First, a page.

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Thorkildsen thrills Bislett, Powell, 9.96 and 9.98 in Oslo - IAAF Golden League
Friday 2 June 2006
Oslo, Norway - On the opening night of the IAAF Golden League 2006, which began in cloud, ended in sunshine but always remained chilly, a Norwegian national record, one of six world season leading performances this evening, and a brace of sub-10 sprints from Asafa Powell, warmed the crowd at the ExxonMobil Bislett Games.
Thorkildsen thrills with 91.59m national record
IAAF Golden League logo
There is never anything more uplifting than a big home win for any audience, and Olympic champion Andreas Thorkildsen’s 91.59m second round Javelin Throw set the feet pounding and hands clapping in delight. The Norwegian national record made Thorkildsen the sixth longest thrower of all-time, surpassing Finn Tero Pitkämäki’s 91.53 result from the Kuortane meet last year. This one statistic surely made the victory doubly satisfying for the Norwegian, as Pitkämäki was the victor here ahead of him last year, and was down in third place today with 86.31m. In second was the most recent addition to the 90m club, Olympic silver medallist Vadim Vasilevskis who produced 88.09m in the third round.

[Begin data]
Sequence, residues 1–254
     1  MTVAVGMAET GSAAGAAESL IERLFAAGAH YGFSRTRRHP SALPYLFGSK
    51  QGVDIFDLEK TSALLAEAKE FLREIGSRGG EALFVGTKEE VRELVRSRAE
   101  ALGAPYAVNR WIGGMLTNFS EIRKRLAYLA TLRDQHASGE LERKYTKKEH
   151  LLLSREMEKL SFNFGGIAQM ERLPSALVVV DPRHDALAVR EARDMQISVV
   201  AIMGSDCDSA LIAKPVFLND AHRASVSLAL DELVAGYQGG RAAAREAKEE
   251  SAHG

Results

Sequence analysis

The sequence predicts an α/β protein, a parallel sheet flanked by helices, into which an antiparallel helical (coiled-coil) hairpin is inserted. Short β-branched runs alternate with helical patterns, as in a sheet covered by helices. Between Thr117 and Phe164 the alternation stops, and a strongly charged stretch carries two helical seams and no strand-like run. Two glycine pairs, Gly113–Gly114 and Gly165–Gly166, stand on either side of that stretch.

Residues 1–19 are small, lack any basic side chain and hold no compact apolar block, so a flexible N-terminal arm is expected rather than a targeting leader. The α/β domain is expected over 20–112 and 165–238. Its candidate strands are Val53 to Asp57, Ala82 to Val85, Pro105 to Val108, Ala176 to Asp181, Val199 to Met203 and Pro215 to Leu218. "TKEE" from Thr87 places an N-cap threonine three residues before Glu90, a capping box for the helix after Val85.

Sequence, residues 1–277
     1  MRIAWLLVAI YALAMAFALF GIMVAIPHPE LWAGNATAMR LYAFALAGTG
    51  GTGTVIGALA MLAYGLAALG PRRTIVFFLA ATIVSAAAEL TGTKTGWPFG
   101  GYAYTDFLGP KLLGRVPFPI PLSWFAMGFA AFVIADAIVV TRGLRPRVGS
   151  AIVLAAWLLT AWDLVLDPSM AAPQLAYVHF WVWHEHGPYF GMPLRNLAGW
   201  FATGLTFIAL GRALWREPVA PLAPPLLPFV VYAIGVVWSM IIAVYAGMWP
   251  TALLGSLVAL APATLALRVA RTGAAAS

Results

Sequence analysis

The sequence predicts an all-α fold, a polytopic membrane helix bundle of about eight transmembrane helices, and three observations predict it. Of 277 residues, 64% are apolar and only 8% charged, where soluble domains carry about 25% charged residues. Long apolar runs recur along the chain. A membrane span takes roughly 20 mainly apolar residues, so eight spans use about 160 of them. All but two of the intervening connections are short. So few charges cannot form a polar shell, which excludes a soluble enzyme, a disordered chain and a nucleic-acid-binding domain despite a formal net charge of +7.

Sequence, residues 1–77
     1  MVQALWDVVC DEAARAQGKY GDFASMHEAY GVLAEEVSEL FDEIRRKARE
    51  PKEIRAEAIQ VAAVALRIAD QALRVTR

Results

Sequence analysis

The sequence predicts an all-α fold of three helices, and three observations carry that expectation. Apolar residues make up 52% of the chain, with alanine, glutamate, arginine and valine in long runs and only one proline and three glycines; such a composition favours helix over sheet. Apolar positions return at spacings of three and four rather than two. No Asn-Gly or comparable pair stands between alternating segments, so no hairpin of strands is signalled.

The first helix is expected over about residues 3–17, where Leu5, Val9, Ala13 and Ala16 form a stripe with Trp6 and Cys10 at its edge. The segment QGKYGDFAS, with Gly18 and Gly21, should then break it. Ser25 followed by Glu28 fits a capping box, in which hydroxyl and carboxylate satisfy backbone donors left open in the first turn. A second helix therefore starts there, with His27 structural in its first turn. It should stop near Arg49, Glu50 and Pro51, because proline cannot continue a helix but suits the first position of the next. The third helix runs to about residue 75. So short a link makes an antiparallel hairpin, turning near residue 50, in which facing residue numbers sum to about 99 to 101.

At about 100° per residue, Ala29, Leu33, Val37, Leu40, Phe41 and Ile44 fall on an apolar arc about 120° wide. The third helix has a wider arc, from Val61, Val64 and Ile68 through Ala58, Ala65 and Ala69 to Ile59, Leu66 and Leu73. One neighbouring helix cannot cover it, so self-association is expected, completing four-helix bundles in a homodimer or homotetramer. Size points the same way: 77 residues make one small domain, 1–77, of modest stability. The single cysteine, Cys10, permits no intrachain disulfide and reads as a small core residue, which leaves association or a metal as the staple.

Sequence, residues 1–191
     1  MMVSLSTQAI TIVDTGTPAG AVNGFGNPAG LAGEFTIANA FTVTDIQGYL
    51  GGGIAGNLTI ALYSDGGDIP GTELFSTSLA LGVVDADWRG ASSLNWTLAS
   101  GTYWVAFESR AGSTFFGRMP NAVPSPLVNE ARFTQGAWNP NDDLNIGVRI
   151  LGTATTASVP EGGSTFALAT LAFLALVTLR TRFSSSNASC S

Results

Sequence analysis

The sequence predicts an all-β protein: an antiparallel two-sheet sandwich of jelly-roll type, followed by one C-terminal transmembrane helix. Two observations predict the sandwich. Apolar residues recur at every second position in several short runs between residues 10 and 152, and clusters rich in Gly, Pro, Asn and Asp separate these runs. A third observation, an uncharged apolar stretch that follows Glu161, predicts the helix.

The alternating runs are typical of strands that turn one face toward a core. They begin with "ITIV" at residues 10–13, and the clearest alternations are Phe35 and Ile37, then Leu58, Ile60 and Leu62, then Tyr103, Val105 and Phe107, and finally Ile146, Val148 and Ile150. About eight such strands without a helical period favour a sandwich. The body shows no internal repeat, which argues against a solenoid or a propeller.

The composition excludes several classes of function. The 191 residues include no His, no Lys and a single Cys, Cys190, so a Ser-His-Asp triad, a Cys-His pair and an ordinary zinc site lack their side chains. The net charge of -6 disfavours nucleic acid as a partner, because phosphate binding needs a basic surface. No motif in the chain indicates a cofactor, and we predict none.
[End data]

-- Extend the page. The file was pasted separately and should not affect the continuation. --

“This wasn’t really a 100% successful throw,” said Thorkildsen. “It was a lot of power but it was not a maximum throw, I can do better than this.”
Two sub-10 runs for Powell
joint World 100m record holder Asafa Powell wins in Oslo
SUCH A SHAME NIKE IS SO BEREFT OF IMAGINATION THAT THEY SHOULD OBLIGE ALL THEIR CLIENTS TO WEAR EXACTLY THE SAME UNIFORM. THESE NIKE DRONES ARE INDISTINGUISHABLE FROM ONE-ANOTHER AT A DISTANCE TO ALL BUT THE CLOSEST OBSERVERS OF THE SPORT. AT A TIME WHEN THE SPORT IS CRYING OUT FOR SOME PERSONALITIES, NIKE GIVES YOU CLONES. kk :mad: